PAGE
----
The challenge I find is that there already are several "central" places to share info, and the fact that there are several of them kind of takes away from any of one of them being the "central" one!

That said, here's my short list of GP dev resources:




Great Plains Microsoft Public Newsgroups

There's two newsgroups here, Microsoft Dynamics GP and Microsoft Dynamics GP Developer, make sure to check both.

Watch out for the occasional SPAM post and make sure to modify your email address before you post, something like, so as not to get SPAM'ed.


Log in required, but worth signing up if you're a GP customer

Lots of good stuff, access to the Knowledge Base is probably what I use most


You mean you're not a partner? Why not become one!

Lots of good resources here for partners.

Great Plains User Group

Not free, but host web based meetings, so you can join from anywhere

Experts Exchange

Free to read, costs money to ask your own questions, but could be well worth it!

One of only a few GP Developer blogs that I know of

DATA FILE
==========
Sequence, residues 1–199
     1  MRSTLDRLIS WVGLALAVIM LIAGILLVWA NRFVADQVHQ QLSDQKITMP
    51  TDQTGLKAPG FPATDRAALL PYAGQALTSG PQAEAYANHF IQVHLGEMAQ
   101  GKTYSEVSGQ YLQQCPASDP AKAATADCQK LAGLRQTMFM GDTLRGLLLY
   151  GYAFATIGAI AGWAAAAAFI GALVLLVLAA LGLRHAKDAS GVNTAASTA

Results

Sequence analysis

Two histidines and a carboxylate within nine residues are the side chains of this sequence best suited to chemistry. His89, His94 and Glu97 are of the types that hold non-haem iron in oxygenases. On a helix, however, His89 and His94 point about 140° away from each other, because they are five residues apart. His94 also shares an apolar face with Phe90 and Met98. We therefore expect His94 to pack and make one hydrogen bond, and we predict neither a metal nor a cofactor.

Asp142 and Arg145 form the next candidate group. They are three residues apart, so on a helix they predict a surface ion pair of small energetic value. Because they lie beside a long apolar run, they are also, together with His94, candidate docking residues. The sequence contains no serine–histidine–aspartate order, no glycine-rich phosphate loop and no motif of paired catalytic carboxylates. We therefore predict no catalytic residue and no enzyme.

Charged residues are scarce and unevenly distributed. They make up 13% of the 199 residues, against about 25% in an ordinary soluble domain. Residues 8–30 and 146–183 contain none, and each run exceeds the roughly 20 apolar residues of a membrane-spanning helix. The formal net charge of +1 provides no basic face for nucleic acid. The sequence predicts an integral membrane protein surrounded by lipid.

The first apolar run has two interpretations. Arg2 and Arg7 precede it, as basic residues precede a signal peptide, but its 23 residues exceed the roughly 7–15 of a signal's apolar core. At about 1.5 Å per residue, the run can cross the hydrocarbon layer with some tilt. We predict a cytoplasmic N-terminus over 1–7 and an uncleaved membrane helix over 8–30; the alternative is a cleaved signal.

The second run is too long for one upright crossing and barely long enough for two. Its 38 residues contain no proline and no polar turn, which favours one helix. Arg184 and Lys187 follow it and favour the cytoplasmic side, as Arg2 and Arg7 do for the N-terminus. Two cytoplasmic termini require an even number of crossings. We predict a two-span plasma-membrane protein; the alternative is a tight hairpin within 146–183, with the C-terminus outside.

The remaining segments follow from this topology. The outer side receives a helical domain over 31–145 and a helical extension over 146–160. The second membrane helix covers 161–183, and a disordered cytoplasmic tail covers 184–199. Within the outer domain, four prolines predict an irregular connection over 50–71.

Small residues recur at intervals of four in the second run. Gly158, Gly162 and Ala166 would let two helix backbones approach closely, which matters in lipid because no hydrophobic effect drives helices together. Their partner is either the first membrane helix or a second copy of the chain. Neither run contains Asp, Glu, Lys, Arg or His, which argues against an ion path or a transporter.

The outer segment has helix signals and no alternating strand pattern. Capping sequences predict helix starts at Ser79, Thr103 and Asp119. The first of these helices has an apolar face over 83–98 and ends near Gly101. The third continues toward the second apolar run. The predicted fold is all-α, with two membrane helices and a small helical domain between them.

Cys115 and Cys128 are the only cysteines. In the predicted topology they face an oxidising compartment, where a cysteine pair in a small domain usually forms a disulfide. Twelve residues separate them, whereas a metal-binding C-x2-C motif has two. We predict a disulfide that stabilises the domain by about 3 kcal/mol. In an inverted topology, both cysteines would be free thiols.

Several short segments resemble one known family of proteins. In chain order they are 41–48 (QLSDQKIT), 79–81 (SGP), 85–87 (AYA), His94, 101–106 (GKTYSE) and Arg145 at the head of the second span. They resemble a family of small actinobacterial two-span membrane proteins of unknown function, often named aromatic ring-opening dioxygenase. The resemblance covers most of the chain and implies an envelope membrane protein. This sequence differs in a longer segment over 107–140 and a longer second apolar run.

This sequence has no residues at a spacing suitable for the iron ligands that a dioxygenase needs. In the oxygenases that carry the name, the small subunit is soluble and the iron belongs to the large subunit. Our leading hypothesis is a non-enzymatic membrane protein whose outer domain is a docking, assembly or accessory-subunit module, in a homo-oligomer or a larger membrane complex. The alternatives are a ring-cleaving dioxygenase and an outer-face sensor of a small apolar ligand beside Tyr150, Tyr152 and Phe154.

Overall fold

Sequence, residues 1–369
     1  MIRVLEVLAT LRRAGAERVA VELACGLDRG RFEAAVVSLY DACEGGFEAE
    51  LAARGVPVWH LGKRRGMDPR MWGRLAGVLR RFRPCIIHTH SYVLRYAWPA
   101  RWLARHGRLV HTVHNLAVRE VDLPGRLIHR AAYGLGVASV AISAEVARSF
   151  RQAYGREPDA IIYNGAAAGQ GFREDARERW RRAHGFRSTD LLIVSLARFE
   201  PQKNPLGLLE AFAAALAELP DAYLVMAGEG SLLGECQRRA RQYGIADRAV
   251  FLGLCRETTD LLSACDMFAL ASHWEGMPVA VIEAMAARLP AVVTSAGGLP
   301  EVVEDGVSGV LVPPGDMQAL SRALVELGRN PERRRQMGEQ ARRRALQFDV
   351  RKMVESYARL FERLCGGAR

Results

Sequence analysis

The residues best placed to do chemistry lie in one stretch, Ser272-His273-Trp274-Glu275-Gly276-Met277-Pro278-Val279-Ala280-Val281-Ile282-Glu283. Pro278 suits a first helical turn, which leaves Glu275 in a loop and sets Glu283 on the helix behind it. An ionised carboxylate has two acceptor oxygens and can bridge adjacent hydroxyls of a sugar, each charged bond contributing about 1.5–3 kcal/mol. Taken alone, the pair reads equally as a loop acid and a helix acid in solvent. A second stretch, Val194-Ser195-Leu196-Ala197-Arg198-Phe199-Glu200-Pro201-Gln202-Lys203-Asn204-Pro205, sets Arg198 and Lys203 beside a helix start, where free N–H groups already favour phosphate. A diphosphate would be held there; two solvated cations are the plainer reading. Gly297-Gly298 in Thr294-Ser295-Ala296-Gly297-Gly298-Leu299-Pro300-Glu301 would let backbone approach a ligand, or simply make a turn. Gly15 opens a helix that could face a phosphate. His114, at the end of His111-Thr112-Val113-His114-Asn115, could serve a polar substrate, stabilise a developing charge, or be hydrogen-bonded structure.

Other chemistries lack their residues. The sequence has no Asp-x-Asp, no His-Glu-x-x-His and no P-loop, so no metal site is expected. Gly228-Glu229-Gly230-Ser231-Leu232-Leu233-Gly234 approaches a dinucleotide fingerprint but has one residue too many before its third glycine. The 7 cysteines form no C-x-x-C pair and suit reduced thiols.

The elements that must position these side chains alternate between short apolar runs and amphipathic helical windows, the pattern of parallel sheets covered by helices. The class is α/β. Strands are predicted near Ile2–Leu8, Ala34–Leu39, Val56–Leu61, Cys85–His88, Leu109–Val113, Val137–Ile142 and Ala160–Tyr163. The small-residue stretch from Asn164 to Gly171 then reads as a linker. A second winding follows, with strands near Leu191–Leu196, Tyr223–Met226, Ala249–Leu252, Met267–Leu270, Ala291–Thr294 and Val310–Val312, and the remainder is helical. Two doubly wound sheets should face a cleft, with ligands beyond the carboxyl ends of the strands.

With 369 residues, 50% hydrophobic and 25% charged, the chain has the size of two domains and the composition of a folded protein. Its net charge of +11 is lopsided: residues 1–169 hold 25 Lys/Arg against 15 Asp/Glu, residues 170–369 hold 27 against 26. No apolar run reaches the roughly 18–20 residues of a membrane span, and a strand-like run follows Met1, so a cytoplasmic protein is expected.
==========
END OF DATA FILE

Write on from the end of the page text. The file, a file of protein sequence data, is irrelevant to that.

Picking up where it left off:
GP Dynamics

Lots of free GP SQL scripts

Micosoft Dynamics Forums

A non-MS newsgroup dedicated to Dynamics

Tech Round Up

A friend of mine's (and GP MVP) GP dev blog. Hasn't been updated in a while, but still lots of good stuff!

Great Plains Guy

This blog!

If I had to pick one to be the grand daddy central place, it'd have to be the GP newsgroups (but there really are 2 of them that I check, so I guess I still can't pick just one, ack!).

The nice thing about the newsgroups is that they are read and answered by MS folks and (even better) by MVPs. So, it's not a bad place to voice your concerns, share your issues, and sometimes even help your fellow GP dev guy out.

Do you have any resources to add to my list? Maybe we need a central list of GP dev resources? Maybe a wiki or something?

What do you think?

Wednesday, March 5, 2008

I mentioned yesterday that I had to restore some Item records after making a horrendous change to one of my Unit of Measure Schedules. It occurred to me that not everyone may be familiar with the underlying GP tables, maybe because they are named oh-so-intuitively...NOT!

So, for those of us who can't read minds, here's two ways for finding out what the table IV00106 really is. From the GP Menu, select:

Tools >> Resource Descriptions >> Tables

That pops up the Table Descriptions window. From there you can click the elispes to select a table.

Once you select a table, you get the down and dirty details.

Another way, which is actually the way I use most of the time, simply because it's a quick and dirty look up using SQL in Query Analyzer (or SQL Server Management Studio, as it's now called, but I still like the old name) , which is where I am at most of the day. So, without further ado, here's the script: